Tuesday, 20 March 2012
Half The Sky by Nicholas Kristof and Sheryl Wudunn
When I first saw Half The Sky mentioned on Eva's blog, A Striped Armchair, I knew it would be something I would want to read as soon as possible. It's a non-fiction examination of problems facing women in the developing world and includes issues such as sex trafficking, female genital mutilation, honor killings, maternal health and rape. The examination of these topics is enhanced by individual accounts of the women Kristof and Wudunn met and also success stories of organisations working at the front line improving lives for women across the world.
Half The Sky is a shocking book. Even though I knew about most of these issues individually, it was still a shock to read such a comprehensive account of all of them together; when I closed the book I was very grateful to be a British woman living comfortably in the Western world. The statistics on rape were the ones that really got to me - in the Congo over 90% of women past the age of puberty had been raped, often brutally in a way that meant their health was forever ruined. I can't even get my head round that statistic.
Kristof and Wudunn make it clear that lots of these problems are easily overcome, that it's an issue around the way women are perceived around the world. Young girls in families are more likely to be malnourished because what food there is goes to boys. Women given treatment to prevent them passing on HIV to their newborn children often refuse to use the powdered milk because that's 'not how it's done in their village'. Improved maternal health is relatively easy to provide, it's just not a priority because women are not seen as a priority.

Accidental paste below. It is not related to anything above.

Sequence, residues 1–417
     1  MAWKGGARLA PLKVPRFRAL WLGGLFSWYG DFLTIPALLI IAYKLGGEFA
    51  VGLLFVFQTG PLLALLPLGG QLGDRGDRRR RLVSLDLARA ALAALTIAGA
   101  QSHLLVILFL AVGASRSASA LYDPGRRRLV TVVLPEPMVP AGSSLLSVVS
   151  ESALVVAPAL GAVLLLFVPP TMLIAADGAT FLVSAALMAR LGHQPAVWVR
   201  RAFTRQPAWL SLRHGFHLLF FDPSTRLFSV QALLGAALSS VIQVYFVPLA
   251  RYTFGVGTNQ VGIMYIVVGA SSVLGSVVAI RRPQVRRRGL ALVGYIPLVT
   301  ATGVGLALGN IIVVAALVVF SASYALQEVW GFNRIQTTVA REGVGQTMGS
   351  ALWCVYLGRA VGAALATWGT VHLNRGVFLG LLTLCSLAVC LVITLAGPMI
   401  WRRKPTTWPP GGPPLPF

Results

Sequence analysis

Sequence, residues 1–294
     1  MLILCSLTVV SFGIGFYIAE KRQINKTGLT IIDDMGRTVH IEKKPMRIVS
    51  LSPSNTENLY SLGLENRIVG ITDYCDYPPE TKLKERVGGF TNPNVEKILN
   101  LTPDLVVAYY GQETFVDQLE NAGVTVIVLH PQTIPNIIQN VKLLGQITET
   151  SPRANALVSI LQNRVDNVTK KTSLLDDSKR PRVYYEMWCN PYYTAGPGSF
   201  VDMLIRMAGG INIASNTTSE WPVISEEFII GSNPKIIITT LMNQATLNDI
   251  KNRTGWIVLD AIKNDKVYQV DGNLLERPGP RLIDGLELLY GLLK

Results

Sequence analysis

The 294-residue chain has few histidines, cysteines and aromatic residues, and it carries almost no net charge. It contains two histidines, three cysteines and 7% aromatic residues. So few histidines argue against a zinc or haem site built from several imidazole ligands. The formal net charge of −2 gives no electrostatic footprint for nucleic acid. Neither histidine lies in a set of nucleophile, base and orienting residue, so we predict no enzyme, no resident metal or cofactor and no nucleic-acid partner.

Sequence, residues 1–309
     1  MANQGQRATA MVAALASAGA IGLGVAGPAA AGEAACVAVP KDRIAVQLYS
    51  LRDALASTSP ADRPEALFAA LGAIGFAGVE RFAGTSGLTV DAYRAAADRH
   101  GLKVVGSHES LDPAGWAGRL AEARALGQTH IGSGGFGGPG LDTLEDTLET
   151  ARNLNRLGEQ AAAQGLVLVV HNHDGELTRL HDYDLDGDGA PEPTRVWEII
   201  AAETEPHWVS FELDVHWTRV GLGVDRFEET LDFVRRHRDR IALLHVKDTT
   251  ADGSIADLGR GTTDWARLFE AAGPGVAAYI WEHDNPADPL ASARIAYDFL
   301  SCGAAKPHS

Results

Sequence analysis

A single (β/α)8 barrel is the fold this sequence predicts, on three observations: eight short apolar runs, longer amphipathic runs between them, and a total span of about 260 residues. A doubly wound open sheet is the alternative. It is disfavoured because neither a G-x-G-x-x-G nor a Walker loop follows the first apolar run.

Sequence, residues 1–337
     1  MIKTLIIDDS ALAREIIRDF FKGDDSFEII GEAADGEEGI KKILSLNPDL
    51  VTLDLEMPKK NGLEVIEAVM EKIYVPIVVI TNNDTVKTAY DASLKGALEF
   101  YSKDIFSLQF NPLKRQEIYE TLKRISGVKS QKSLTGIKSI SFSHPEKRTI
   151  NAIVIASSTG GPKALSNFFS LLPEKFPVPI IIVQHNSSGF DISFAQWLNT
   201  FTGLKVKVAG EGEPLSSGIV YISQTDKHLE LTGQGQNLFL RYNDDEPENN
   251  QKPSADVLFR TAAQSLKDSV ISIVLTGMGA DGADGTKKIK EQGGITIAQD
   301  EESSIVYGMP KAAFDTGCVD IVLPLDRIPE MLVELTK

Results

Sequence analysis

But despite all of this, Half The Sky isn't all doom and gloom. There are many stories of women who have overcome terrible situations (one story about a young girl trafficked into being a prostitute and then infected with HIV really got to me) but who have gone on to lead positive lives. As well as this, there are organisational success stories of normal people saying 'enough is enough' and actually doing something to make the situation better.
Interestingly, Kristof and Wudunn seem to be against traditional aid agencies. Whilst recognising that they can do a lot of good, the emphasis is on grassroots organisations and the ways that the West can support without 'going in there to sort it all out'. There are links provided to organisations in the appendix and it's easy for the reader to find ways to support them (I am now offering a microloan through kiva and would recommend it to others).
This kind of book isn't really about the writing but it's clear, accessible and easy to read. I would recommend this to everyone, male and female as it's something that is worth investing time in. These issues aren't just women's issues, they are issues facing humanity as a whole.
Verdict: Powerful read about the role of women in the developing world.
First Published: 2010
Score: 4.5 out of 5